WASHINGTON, D.C. — As the National Fifth Encuentro process unfolds across the United States, one of the emerging voices is the need to strengthen outreach to Hispanic youth and young adults.

The conversation should engage all pastoral leaders and not be considered an issue exclusive of Hispanic ministry, said Hosffman Ospino, associate professor of theology and religious education at Boston College and a member of the leadership team planning the Fifth Encuentro, or V Encuentro, process.

“The decision-makers, the gatekeepers, the power brokers, the people who are managing budgets and developing programs, many of these people have no idea what’s going on with Hispanic youth,” Ospino told Catholic News Service. “Some of them think that they know, some of them don’t want to know, some of them are scared to know. There’s got to be a massive, massive process of education.”

About 60 percent of Catholics in the U.S. age 18 or younger are Hispanic, according to research from the Center for Applied Research in the Apostolate. Also, among young adults, nearly one in four Hispanics choose not to self-identify as Catholics, and on average they make that decision by age 25, according to the Pew Research Center.

Institutional self-preservation is one of many reasons Ospino offers for the need of widespread outreach.

“By the time they become adults and start having their families, the Catholic Church needs to find a way to connect with them, so they will see those churches, those dioceses and those schools as their home,” he said.

Growing vocations among young Hispanics in the U.S. also has been a frequent topic of conversation throughout the encuentro process as people call for more priests that share not only the language and knowledge of the culture, but who come from their own backgrounds, said Ken Johnson-Mondragon, national coordinator of research for V Encuentro.

“The children of the immigrants who came in the ’80s, ’90s and early 2000s, are all growing up, they’re Catholic, they’re looking for services; they don’t see themselves as U.S.-born Hispanic Catholics mirrored in the ecclesial leadership,” Johnson-Mondragon said in an interview.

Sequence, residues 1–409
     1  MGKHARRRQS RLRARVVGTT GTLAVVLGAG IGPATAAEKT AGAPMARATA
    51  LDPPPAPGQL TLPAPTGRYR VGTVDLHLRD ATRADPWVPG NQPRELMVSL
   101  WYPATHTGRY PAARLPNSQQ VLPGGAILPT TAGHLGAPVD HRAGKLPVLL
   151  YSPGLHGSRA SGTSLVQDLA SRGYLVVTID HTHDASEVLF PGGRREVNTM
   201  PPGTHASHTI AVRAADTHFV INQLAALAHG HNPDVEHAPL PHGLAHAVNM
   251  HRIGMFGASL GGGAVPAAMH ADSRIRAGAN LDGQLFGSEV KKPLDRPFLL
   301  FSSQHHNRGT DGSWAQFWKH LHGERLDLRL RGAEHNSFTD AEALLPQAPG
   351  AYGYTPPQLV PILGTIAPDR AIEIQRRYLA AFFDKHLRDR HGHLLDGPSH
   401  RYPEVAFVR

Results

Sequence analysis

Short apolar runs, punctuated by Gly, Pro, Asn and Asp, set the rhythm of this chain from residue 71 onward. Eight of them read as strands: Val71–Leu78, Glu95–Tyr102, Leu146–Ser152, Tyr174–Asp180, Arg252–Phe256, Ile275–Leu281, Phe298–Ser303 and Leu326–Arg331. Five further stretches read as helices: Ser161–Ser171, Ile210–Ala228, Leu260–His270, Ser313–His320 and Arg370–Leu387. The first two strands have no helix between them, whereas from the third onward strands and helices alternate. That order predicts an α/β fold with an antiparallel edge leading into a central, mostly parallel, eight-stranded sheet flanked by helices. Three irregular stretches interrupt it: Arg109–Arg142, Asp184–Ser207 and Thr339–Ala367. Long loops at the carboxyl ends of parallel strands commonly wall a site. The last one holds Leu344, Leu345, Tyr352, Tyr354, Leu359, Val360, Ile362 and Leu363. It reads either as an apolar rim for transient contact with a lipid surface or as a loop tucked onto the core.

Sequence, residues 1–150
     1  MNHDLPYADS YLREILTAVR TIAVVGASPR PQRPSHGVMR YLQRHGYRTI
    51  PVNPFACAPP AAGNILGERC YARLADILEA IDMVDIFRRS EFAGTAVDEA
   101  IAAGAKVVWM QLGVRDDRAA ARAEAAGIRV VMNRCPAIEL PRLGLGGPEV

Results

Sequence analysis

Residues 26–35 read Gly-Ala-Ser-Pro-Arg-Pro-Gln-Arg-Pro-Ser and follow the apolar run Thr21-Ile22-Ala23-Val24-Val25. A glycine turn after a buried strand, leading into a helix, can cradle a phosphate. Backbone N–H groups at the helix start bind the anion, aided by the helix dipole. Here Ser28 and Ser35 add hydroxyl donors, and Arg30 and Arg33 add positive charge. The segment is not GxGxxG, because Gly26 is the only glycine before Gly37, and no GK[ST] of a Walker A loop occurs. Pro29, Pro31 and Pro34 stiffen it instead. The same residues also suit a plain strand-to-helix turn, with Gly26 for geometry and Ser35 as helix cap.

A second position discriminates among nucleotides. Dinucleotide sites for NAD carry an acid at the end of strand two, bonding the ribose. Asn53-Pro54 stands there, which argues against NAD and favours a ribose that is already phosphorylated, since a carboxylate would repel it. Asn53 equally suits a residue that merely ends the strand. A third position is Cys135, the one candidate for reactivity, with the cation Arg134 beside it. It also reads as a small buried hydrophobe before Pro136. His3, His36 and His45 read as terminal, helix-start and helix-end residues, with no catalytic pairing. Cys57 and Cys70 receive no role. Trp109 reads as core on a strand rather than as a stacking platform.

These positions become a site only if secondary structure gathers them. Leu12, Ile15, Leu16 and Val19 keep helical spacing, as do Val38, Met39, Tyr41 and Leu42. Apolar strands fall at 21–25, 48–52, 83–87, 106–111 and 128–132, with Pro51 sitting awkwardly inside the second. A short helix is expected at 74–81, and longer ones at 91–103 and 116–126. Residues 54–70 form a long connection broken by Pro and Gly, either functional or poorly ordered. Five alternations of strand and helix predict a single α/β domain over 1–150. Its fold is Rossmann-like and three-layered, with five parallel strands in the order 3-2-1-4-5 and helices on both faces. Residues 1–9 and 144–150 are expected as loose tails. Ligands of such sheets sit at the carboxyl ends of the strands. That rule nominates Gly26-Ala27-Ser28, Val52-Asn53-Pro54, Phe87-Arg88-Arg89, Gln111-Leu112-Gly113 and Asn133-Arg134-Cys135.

“There’s only one Hispanic U.S.-born priest for every 23,000 U.S-born Hispanic Catholics right now, so that’s another area that we need to put a lot of focus on: How do we strengthen the families and especially help families to become incubators and supporters of religious and clerical vocations in the Church,” Johnson-Mondragon said.

Father Jose Eugenio Hoyos, director of the Spanish Apostolate in the Diocese of Arlington, Virginia, knows firsthand the need to accompany families as a way to build a stronger faith among youth.

The problems Hispanic youth may frequently face are very complex, he notes, among those are family separation concerns due to possible deportations, teen pregnancy, violence and crime, lack of access to quality education, and the loss of family and human life values.

“One of our goals we have right now is to make stronger families, stronger marriages, and people will realize that that is what’s important for them, then the new generations will follow them,” Hoyos said.

As have other encuentro participants, Hoyos also sees the value in the dialogues and the collaborations between Church leaders and the Hispanic community that this process has sparked.

“The community are like in (their) expectation. They want to see what the final recommendations for us into the Church are and want to start working hard because we are one Church, we have one Christ,” he said.

Ospino, who has written many studies on Hispanics and the Catholic Church, offers a few pieces of advice on making Hispanic youth ministry more effective:

— The Church must engage in a massive process of training or re-training every pastoral leader about the realities of Hispanic Catholics.

— U.S. bishops and Catholic leaders must make substantial efforts to actively reach out to Hispanic youth at the parish level.

— Existing structures such as Catholic schools, Catholic universities, youth ministry and religious education programs must be made available to Hispanic youth.

— Leaders should actively support and promote ministry leadership roles among Hispanic youth and young adults.

“We have an obligation, we have a pastoral responsibility,” Ospino said, referring to Pope Francis’s invitation to ‘primerear,’ or to take the initiative to reach out and evangelize.